I can't tell you what my favorite home-cooked meal from mom is, but I can tell you off the top of my head our favorite sushi restaurant, our top-frequented gelato cafe, and our most beloved street food stalls in Hanoi. The taste of my childhood wasn't the fruit of mom's laborious hours in the kitchen. Instead, it was built on her love for food and leisure, and her sense of adventure. School days were wrapped up with detours to our local Japanese bakery and weekends were planned around visits to our favorite noodle spots.
The fact is, my mom has never been much of a cook. Dad worked abroad for many years, so between childcare and her full-time teaching job, Mom had little bandwidth for cooking elaborate dishes. She favored one-pot meals made in pressure cookers, because she thought she could just set and ignore them until they’re ready to eat. That's how we ended up with half-burnt congee and overcooked chicken on many occasions. Instant noodles were our breakfast staples, or untoasted bread and butter if we were crunched for time.
To supplement Mom’s home-cooked fails, we made staples out of delicious takeout. On school nights, we enjoyed rice with crispy-skin pork and pickles from the nearby market. On the weekends, we headed out for noodle soup on her motorbike and finished off the day with ice cream or iced cocoa. Even before the internet, mom tapped into Hanoi’s food-obsessed whisper network for all the up-and-coming restaurants around the city and made plans for us to try them.
We became best friends as a pair of foodies. Mom was in her element when we were out in search of good food, unbothered by the stress of housework and grown-up responsibilities. She made jokes, complained, and gossiped with me about work, relatives, and her students. She let me talk to her casually without the heavy formalities Vietnamese society demanded of our parent-child relationship.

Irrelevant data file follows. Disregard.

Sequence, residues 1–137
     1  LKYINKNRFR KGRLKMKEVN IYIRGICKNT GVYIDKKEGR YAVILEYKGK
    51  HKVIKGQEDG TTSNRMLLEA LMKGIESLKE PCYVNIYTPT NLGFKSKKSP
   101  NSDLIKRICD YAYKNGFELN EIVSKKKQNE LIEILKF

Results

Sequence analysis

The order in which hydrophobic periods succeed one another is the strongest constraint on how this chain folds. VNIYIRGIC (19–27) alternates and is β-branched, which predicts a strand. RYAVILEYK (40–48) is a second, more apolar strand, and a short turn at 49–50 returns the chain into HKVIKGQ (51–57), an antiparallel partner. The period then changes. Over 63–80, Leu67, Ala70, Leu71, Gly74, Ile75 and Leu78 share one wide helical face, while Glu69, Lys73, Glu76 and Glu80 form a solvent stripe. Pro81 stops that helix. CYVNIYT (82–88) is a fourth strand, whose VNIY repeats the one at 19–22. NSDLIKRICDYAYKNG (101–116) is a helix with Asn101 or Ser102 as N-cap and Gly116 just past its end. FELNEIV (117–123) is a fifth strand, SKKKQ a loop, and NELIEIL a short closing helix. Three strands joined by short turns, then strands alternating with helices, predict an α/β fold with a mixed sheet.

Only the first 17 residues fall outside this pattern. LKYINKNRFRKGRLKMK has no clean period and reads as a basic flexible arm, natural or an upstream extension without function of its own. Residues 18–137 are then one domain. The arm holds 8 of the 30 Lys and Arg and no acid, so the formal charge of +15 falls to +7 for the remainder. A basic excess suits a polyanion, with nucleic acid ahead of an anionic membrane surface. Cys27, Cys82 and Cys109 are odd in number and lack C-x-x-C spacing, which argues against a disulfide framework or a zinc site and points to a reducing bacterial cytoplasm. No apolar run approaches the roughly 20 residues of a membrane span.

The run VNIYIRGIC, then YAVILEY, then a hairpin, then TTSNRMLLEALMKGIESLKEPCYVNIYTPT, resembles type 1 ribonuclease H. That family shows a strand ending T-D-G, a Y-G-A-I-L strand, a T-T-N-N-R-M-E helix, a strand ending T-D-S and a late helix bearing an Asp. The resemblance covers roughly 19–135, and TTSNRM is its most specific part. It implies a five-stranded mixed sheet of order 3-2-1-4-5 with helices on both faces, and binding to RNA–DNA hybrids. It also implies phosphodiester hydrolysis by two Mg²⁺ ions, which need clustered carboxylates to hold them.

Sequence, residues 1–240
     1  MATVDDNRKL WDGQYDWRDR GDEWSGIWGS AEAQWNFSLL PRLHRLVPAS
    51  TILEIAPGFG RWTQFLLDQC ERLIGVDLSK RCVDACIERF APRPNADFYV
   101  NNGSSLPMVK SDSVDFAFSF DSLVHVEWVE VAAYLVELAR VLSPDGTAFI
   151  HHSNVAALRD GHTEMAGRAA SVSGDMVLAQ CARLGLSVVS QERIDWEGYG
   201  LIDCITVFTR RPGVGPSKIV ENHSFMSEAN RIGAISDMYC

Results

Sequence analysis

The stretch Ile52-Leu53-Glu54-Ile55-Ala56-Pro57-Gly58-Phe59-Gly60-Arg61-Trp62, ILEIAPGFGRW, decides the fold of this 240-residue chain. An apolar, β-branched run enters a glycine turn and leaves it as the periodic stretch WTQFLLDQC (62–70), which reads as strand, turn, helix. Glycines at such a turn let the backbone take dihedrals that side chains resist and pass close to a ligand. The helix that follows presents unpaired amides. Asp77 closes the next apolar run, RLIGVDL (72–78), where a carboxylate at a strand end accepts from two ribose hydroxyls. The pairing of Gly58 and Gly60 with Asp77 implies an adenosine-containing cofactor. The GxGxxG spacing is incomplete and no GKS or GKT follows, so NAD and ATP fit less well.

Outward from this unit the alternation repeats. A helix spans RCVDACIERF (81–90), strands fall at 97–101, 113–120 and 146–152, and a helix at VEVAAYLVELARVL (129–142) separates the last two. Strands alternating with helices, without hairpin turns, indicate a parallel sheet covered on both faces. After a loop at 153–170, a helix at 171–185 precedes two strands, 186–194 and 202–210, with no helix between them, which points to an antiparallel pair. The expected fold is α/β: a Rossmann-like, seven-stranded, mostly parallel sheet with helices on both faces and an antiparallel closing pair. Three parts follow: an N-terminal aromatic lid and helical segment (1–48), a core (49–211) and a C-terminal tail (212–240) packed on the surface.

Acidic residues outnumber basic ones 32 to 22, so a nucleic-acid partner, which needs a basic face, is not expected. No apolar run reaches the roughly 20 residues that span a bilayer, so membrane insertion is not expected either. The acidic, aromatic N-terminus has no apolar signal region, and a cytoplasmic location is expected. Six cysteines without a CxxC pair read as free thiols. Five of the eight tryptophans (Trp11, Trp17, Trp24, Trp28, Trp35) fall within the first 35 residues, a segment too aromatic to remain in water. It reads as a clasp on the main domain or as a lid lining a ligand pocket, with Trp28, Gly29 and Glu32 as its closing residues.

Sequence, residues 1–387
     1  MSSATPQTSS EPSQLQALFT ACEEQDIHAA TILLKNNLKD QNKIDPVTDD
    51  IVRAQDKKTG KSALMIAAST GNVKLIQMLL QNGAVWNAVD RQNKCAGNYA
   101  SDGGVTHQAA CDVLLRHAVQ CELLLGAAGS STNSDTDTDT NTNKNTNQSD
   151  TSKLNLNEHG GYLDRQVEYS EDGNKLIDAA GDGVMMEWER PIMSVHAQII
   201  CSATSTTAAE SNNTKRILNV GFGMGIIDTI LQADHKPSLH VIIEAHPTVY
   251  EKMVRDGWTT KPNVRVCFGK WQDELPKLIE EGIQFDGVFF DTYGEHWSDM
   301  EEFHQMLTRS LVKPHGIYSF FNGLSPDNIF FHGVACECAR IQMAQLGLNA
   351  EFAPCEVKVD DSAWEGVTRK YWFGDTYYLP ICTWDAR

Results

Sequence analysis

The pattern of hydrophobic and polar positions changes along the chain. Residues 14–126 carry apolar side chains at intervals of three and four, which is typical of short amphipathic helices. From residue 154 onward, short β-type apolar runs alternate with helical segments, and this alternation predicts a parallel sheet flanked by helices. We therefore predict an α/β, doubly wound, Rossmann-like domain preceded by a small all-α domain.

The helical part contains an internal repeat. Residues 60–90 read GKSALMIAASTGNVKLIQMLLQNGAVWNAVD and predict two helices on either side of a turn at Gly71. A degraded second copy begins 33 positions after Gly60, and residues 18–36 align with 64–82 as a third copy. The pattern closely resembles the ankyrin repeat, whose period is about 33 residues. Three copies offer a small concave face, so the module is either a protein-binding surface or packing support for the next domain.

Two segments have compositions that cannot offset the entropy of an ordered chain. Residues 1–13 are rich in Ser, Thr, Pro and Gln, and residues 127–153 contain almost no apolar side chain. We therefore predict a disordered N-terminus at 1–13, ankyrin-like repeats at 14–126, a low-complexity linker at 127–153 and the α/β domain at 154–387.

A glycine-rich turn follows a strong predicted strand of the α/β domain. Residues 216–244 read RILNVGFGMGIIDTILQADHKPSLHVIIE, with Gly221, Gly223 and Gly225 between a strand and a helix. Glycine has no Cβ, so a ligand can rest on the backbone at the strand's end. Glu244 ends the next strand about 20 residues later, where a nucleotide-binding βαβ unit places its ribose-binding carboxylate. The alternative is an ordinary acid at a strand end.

We had so much fun together that I never knew how Mom constantly felt that she was falling short. Dad's return after four years of working abroad was her deadline to become a good Vietnamese wife who headed straight into the kitchen to cook fresh entrees after work. Back then, I didn't understand the way home-cooked meals hung above the heads of every Vietnamese woman as a measure of her accomplishments. In today’s rapidly growing economy where almost all households are dual-income, Viet women still toil in the kitchen after hours to avoid the sneers of their husbands, neighbors, and relatives.
When Dad decided to bring our family to the States together a few years later, life became a whirlwind of preparation for our next few years abroad. It was decided that Mom was going to be a housewife because she didn't have the credential to teach in America. Dad discouraged her from finding other job alternatives. Part of his reasoning was that many women like her worked illegally and he didn’t want to risk his U.S. visa status, but mostly he just didn’t really believe in her potential.
In our Washington, D.C., apartment, she became a student again, studying the ways American produce worked in Vietnamese recipes. She collected recipes from everyone she met and scoured Facebook for tips and tricks. I rarely saw her without her iPad, where she collected screenshots of recipes for stir fries, noodle soups, and side dishes.